The 16 Days of Activism for No Violence against Women and Children Campaign (16 Days Campaign) takes place annually from 25 November (International Day of No Violence against Women) to 10 December (International Human Rights Day). Picture: Shelley Kjonstad/African News Agency(ANA)
The 16 Days of Activism for No Violence against Women and Children Campaign (16 Days Campaign) takes place annually from 25 November (International Day of No Violence against Women) to 10 December (International Human Rights Day). Picture: Shelley Kjonstad/African News Agency(ANA)

Families mourn gruesome deaths as SA prepares to observe 16 Days of Activism

By Lethu Nxumalo Time of article published Nov 22, 2020

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Durban - As the country gets ready to observe 16 Days of Activism for No Violence Against Women and Children, the recent mutilation and killing of three KZN women was a reminder that the fight against gender-based violence was far from over.

Last week Sunday, the body of a 19-year-old woman with her heart ripped out, intestines scattered around her, liver placed above her head, eyes gouged out and head almost decapitated was found lying face down on a pathway at Woody Glen.

Sinegugu Linda left home two weeks ago and was visiting her boyfriend when she was found dead.

A few kilometres from the Linda family home, Busiswa Hlongwane was mourning the death of her 33-year-old daughter, Bongiwe Hlongwane who was stabbed, gagged and had her private parts cut out earlier this month.

Another family in the Woody Glen area was awaiting to bury their daughter, Nomvuselelo Ngcobo, 31, who was found burnt beyond recognition last month and was being kept at the Pinetown mortuary until police finalise the DNA testing.

Linda’s mother Londiwe (Linda) said her daughter, who was pregnant visited her a few days before she was found dead. She said she had noticed a stab wound on daughter’s hand and when she asked her about it, she was told that her boyfriend had stabbed her.

Londiwe said on Sunday morning five people came to her house and she immediately suspected that something had happened to her daughter.

“They told me that my daughter was murdered and that I should bring a spade and some refuse bags. I was so shocked because when a person is dead a blanket is put over them but they were asking me to bring plastic bags,” she said. “When we got there she had already been covered and I couldn’t bring myself to see her. She was butchered and we still don’t even know why.”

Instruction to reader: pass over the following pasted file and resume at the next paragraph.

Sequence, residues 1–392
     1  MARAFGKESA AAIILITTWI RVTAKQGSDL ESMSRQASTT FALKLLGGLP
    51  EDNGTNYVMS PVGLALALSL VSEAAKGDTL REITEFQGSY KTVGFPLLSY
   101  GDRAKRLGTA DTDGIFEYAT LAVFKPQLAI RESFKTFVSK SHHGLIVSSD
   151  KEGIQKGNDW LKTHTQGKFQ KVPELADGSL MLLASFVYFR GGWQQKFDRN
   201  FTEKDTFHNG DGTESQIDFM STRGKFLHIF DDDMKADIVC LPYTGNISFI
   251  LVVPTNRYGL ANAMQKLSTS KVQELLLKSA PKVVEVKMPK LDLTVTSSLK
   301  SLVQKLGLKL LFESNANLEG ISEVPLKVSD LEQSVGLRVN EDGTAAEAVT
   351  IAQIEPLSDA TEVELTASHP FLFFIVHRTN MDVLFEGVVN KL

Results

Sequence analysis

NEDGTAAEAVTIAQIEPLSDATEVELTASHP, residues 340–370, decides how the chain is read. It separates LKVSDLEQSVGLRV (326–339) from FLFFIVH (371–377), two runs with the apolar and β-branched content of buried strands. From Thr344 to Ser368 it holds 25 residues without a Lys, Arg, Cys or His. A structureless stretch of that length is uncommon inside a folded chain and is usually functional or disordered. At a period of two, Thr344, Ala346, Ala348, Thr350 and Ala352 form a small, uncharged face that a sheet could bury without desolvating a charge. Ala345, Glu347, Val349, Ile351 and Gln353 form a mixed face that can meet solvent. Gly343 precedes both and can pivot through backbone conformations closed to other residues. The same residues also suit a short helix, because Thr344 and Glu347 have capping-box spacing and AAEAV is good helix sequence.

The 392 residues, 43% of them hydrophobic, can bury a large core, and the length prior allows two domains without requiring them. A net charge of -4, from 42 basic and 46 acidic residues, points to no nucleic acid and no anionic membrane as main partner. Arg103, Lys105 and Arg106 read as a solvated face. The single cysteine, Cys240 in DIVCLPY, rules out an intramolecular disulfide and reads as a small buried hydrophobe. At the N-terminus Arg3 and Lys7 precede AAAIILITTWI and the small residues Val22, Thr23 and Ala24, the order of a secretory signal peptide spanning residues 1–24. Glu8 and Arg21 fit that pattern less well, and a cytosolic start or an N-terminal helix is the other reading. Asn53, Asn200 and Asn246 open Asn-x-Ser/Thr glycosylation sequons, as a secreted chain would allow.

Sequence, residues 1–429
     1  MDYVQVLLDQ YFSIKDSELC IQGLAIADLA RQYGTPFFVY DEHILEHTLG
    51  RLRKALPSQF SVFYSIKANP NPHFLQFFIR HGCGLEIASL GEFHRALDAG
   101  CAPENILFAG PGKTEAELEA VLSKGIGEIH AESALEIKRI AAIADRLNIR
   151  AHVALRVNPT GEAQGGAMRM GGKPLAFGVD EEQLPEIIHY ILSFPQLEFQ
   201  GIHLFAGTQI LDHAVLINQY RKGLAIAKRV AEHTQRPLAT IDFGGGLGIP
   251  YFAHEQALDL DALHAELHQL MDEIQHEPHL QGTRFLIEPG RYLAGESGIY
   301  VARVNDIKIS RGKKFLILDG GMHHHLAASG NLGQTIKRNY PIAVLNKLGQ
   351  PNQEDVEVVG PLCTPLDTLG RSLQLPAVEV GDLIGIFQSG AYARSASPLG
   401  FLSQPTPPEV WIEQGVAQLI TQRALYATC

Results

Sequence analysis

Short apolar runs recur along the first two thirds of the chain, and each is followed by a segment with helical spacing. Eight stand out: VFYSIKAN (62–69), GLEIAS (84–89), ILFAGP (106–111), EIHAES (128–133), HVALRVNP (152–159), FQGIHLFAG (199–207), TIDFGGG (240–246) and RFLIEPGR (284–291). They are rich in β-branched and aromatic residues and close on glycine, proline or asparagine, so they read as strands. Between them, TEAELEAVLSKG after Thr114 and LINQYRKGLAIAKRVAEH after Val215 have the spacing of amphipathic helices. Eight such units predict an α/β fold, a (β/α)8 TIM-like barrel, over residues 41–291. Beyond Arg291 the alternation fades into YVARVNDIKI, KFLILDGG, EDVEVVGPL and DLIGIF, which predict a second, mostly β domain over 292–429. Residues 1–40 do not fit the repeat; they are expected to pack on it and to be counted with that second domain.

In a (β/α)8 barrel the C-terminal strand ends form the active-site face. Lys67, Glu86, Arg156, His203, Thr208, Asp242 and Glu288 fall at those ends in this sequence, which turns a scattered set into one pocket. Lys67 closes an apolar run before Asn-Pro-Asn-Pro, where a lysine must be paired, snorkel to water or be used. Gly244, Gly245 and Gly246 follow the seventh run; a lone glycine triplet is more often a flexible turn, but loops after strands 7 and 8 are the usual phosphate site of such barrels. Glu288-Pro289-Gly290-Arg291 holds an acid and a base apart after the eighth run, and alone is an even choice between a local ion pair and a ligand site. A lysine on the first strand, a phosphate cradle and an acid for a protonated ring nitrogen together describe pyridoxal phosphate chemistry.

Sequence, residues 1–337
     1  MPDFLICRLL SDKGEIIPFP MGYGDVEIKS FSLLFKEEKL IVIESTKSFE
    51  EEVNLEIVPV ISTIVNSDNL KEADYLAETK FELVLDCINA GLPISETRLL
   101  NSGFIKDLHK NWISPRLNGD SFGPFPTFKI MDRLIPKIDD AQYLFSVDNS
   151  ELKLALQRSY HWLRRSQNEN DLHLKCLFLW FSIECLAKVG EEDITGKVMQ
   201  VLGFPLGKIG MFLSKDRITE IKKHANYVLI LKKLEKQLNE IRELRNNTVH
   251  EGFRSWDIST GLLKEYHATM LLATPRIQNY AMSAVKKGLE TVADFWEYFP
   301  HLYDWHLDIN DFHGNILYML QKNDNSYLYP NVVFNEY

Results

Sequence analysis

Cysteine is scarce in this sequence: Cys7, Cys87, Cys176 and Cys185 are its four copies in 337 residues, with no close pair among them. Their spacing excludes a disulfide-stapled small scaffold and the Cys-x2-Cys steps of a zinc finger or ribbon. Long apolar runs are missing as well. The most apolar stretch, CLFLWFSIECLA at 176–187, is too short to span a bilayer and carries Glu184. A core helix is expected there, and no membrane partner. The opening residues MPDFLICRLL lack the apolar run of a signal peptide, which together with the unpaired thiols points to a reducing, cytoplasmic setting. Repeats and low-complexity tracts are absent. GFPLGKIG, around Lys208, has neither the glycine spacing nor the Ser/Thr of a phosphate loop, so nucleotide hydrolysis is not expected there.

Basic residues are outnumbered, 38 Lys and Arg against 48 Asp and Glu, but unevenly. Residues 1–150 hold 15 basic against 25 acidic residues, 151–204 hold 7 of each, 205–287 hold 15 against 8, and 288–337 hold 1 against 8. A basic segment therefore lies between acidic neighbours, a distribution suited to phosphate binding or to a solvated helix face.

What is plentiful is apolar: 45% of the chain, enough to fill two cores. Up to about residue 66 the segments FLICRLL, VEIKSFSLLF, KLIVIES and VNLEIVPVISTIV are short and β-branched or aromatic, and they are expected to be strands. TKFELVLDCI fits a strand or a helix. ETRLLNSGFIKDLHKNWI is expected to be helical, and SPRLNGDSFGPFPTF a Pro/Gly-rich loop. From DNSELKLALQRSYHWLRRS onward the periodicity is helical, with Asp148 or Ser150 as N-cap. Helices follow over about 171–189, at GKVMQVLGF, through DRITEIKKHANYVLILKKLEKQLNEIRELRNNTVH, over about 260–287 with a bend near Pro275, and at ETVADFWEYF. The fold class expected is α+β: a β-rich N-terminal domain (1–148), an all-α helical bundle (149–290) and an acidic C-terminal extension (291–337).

Londiwe said she suspected that her daughter was killed elsewhere and then dumped on the pathway.

“I want justice for her and I want to know why this was done to her. I know it won’t bring her back but someone has to be arrested for this.”

Busiswa said her daughter Bongiwe left behind three children. She said the person who mutilated her daughter’s private parts had shown deep hatred for her.

“We found her lying on her back naked, face covered and legs wide open. She also had stab wounds on her lower back. No one can tell me what happened,” she said. “My worry is about her children and we are deeply hurt by this.”

Ngcobo’s sister, Zanele (Ngcobo), said her family was still in shock and that all the family wanted was to bury Ngcobo and let her rest in peace.

We are not receiving assistance from police, instead the investigating officer keeps telling us to wait but it has been a month.”

Mary Makgaba, chief executive officer at People Opposing Women Abuse said alarming incidents of gender-based violence particularly femicide were worrisome. She said ritual killings are emerging and the vulnerable groups were at a higher risk of becoming victims.

“The South African justice system gives more rights to accused persons than victims. Patriarchal attitudes are perpetuating men to devalue and disrespect women. As women we are all fearful of our lives, we feel hopeless and helpless and have no place to run to,” said Makgaba.

Tina Thiart, a co-founder and trustee of 1 000 Women, a non-profit organisation that creates awareness and organises safe spaces for women, said boys need to be educated.

“Our girls have more chances of being raped than learning to read. Sickeningly, from babies and children to young girls and elderly women, all women are targets for rape, abuse and murder. Something needs to be done.”

Sunday Tribune

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